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Am J Sports Med. 2001 Nov-Dec;29(6):712-5.

Abnormally decreased regional bone density in athletes with medial tibial stress syndrome.

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Department of Orthopaedics, Malmö University Hospital, Sweden.


Medial tibial stress syndrome, a common condition of uncertain origin found in athletes, is characterized by pain in the distal posteromedial aspect of the tibia during exercise, with or without increased scintigraphic uptake in the affected region. To determine whether medial tibial stress syndrome with increased scintigraphic uptake is associated with a change in tibial bone mineral density confined to the site of the increased uptake, we measured bone mineral density (in grams per square centimeter) in 18 adult male athletes with long-standing medial tibial stress syndrome and compared the measurements with those of 16 age- and sex-matched control subjects and with those of 18 athletes without medial tibial stress syndrome who had a comparable training regimen. Tibial bone mineral density in the region corresponding to the pain was 15%+/-9% lower in the patients than in control subjects and 23%+/-8% lower than in the athletic control subjects (both significant differences). Bone mineral densities in most other regions of the body were higher than in the control subjects but lower than in the athletic controls at the corresponding sites. In summary, medial tibial stress syndrome is associated with low regional bone mineral density.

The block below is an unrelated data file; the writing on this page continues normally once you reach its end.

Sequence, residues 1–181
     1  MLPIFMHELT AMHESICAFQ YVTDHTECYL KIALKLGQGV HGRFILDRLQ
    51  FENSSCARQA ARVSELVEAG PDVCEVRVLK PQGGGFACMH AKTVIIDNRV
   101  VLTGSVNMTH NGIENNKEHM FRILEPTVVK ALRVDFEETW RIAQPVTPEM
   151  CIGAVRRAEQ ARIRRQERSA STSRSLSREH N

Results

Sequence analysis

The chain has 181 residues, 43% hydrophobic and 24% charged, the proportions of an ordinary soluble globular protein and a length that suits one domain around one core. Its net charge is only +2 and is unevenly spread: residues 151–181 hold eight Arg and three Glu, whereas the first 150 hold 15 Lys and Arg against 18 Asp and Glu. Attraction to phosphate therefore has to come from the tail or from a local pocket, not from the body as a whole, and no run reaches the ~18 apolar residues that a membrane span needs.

[Indexed for MEDLINE]

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